What defines intelligence to you – reading, speaking, or just a beautiful handwriting?
Dyslexia is the inability to relate the sounds of words with the letters that create the words so it becomes difficult to read, write and speak even when general intelligence is not affected.
Technically speaking, it is a neurological learning disability that interferes with language acquisition and processing which interferes with reading, writing, spelling, and handwriting ability. Comprehension, and sometimes attention, and not general intelligence, is affected. Now, it’s important Dyslexia should not be confused with Autism, Attention Deficit Disorder, or Attention Deficit Disorder with Hyperactivity.
Dyslexia affects language acquisition and is a leading cause of difficulties in school. It is no respecter of any language. So if your native language is Yoruba and that is the only language you understand, the symptoms of Dyslexia still applies. It can affect just anybody irrespective of their racial background.
While dyslexic individuals have difficulties in language, they often have strengths in reasoning, visual and creative fields.
There are no known causes of Dyslexia. Dyslexia is either an inherited condition that is passed from generation to generation or acquired as a result of a traumatic brain injury or other factors.
Here are a few risk factors
- Having a family history of Dyslexia. If a parent or a sibling is dyslexic, there is high tendency for a child to inherit the condition
- Very low birth weight or premature birth
- Prenatal viral infections
- Prenatal exposure to substances such as nicotine, drugs, and alcohol
How does Dyslexia Affect Children
- Despite having normal intelligence they have difficulties reading including reading aloud.
- Dyslexic children may learn to crawl, walk, talk, or ride a bicycle later than peers.
- They learn new words slowly.
- Tendency to mix up “left” and “right”.
- Commonly mispronounce words, and not appear to distinguish between different words sounds.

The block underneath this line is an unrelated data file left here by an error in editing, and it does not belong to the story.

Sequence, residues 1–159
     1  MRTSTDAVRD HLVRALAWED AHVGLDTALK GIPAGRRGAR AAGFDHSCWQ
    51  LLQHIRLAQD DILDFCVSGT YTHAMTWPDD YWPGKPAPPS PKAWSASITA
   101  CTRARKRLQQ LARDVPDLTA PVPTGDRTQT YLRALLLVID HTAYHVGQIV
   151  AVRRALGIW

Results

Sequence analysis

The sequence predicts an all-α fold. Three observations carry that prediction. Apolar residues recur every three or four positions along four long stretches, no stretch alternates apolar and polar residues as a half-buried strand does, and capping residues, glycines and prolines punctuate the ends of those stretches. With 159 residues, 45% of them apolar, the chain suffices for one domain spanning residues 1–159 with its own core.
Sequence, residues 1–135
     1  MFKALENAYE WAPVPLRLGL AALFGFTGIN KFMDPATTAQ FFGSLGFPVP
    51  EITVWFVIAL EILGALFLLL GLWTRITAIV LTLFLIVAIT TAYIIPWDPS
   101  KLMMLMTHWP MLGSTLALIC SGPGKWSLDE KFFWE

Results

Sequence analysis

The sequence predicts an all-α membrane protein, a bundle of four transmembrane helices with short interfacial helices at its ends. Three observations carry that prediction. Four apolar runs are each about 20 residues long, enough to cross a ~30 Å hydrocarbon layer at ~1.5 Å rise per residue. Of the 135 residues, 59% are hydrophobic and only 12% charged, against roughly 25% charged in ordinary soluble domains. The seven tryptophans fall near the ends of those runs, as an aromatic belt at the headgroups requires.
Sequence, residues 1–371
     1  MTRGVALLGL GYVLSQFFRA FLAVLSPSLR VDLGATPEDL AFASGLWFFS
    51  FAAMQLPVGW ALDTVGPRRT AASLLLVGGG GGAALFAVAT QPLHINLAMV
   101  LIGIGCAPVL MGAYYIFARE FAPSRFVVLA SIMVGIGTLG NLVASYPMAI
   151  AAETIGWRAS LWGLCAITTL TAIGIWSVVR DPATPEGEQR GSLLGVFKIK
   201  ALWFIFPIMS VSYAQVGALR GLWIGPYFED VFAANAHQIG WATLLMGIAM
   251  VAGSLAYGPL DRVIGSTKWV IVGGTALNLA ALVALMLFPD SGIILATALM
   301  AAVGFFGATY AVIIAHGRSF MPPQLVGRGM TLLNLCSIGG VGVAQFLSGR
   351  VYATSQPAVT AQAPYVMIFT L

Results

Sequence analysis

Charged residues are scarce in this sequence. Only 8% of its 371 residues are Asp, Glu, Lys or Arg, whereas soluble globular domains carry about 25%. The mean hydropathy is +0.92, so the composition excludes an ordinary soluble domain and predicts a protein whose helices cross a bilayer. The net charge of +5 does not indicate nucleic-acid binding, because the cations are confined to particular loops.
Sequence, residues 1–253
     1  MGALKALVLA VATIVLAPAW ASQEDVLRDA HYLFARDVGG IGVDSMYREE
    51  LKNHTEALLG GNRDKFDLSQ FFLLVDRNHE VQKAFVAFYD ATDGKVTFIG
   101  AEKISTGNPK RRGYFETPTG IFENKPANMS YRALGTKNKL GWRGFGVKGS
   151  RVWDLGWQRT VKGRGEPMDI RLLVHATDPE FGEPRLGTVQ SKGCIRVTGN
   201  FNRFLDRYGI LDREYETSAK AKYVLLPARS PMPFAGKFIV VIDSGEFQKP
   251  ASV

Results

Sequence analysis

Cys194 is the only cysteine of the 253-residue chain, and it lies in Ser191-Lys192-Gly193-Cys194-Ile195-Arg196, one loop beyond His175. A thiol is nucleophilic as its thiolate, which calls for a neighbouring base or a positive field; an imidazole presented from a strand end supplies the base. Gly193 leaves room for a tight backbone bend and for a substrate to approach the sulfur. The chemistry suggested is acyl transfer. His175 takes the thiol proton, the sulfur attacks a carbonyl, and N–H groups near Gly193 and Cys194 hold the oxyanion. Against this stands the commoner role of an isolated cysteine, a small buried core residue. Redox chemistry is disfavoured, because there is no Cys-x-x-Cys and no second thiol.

- Reversing numbers and letters without realizing it
- Challenges in remembering letters, numbers or colors and how they are pronounced
- Learning nursery rhymes or playing rhyming games is more challenging.
- There may also be difficulties remembering the days of the week, months of the year, colors, and some arithmetic tables.
- May be clumsier than peers, with poorer eye – hand coordination (sports such as basket ball may seem difficult).
- Commonly find it hard to concentrate, which may be as a result a few minutes of non-stop struggling which leads to mentally exhaustion.
- Difficulties remembering sequence of things.
- Despite knowing what to say, they find it difficult finding the right words or forming answers to questions.
- Avoidance of activities that involves reading.
- Increased risk of ADHD or ADD.
How does Dyslexia Affect Adults?
Difficulties in adulthood are similar to children. These are a few common areas.
- Difficulties reading including reading aloud.
- Avoiding situations that require reading.
- Difficulties summarizing a story heard or read, understanding jokes and idioms.
- Becomes frustrated at managing time, filling out a lengthy form, completing tasks, and planning meetings.
- Become perfectionists and overreact when they make a mistake.
- Better learners through hands-on-experience, observation, experimentation and visual aids.
- Prefers sticking to routine they are familiar with. They would rather not leave their comfort zone.
- Trouble learning foreign languages.
- Difficulties memorizing and doing math problems.